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It really is that simple.

Can you imagine how poor sales would be if you each retailer had it's own proprietary OD system?

As it is, Blu-ray growth is stalling at ~ $2 billion. Figure it would be about 20% without cross-industry compatibility.
no it isn't. iTunes for all intents and purposes is a standard. people still arent buying. because they don't want to own digital movies. they want to rent them.

when UV is a huge failure you will realize this, and consequently have to eat your words.

lol at once again deflecting atrocious digital sales by referencing bluray. pathetic and paper thin.
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Old 01-05-2012, 07:08 PM   #935  
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We haven't had any new digital sales numbers to discuss for over 2 months, so how about we wait until the DEG report comes in before we continue to harp on how bad the historical sales are?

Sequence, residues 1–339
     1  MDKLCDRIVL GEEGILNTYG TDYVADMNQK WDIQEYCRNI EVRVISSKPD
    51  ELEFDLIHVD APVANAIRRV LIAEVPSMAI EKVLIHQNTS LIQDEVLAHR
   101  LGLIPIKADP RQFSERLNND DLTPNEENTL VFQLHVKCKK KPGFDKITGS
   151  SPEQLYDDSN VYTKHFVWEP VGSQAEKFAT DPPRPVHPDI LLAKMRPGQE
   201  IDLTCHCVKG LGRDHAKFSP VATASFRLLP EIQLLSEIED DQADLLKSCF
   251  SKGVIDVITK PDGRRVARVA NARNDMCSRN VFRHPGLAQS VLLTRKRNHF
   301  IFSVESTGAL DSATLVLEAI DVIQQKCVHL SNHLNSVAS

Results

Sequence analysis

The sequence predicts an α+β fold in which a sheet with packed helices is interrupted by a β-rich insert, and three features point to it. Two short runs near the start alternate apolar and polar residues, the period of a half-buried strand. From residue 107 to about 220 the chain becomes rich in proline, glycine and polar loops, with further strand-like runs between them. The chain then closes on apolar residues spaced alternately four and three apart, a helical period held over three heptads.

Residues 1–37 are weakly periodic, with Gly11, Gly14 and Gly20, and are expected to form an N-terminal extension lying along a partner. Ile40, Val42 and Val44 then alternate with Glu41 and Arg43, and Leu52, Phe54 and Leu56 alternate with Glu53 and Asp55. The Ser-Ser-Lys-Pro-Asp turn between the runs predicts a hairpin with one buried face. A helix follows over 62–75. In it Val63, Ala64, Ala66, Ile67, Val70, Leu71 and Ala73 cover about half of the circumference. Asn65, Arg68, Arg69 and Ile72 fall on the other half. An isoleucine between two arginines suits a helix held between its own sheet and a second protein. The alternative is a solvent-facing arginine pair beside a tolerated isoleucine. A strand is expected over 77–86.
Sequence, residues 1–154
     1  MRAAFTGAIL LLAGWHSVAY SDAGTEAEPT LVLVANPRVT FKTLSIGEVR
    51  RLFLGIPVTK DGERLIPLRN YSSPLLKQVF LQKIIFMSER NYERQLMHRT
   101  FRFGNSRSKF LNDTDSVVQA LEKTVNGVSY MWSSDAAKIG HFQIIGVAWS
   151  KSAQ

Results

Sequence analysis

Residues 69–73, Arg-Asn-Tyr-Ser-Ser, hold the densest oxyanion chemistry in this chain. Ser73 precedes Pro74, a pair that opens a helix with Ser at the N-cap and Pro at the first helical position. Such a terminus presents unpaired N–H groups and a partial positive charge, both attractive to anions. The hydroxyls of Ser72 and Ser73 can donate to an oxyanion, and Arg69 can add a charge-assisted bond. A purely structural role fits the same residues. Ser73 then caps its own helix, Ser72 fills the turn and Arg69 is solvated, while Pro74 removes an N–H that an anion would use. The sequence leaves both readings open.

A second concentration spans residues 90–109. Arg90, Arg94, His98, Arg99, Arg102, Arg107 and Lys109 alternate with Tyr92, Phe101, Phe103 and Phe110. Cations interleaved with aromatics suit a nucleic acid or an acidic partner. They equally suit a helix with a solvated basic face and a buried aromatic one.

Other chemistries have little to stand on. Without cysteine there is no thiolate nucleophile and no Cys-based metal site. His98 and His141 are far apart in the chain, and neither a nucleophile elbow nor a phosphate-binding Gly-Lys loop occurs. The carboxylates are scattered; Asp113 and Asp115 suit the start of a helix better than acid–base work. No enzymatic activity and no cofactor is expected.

There is no deflecting to Blu-ray sales because we've had recent sales data on Blu-ray. It's the deflecting to the digital sales when there has been no recent sales data to deflect to, that seems to be the issue.
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Old 01-05-2012, 07:08 PM   #936  
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The box office strength affects sales no differently in the high volume weeks as in any other time of year.
So you're saying that they affected sales in December?

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The difference in the high volume weeks is purely seasonal sales.
It's a combination of strong box office support and holiday shopping. You yourself just said that box office affects sales.
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Old 01-05-2012, 07:15 PM   #937  
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So you're saying that they affected sales in December?
Sure they did, in proportion to what they would any other time of year. If a $300 million box office week generates an average $40 HMM week during Q1-3, and $15 million of that is base, then $25 million on average is new release power sales. Whether it's in December or April, it should be about the same.

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It's a combination of strong box office support and holiday shopping.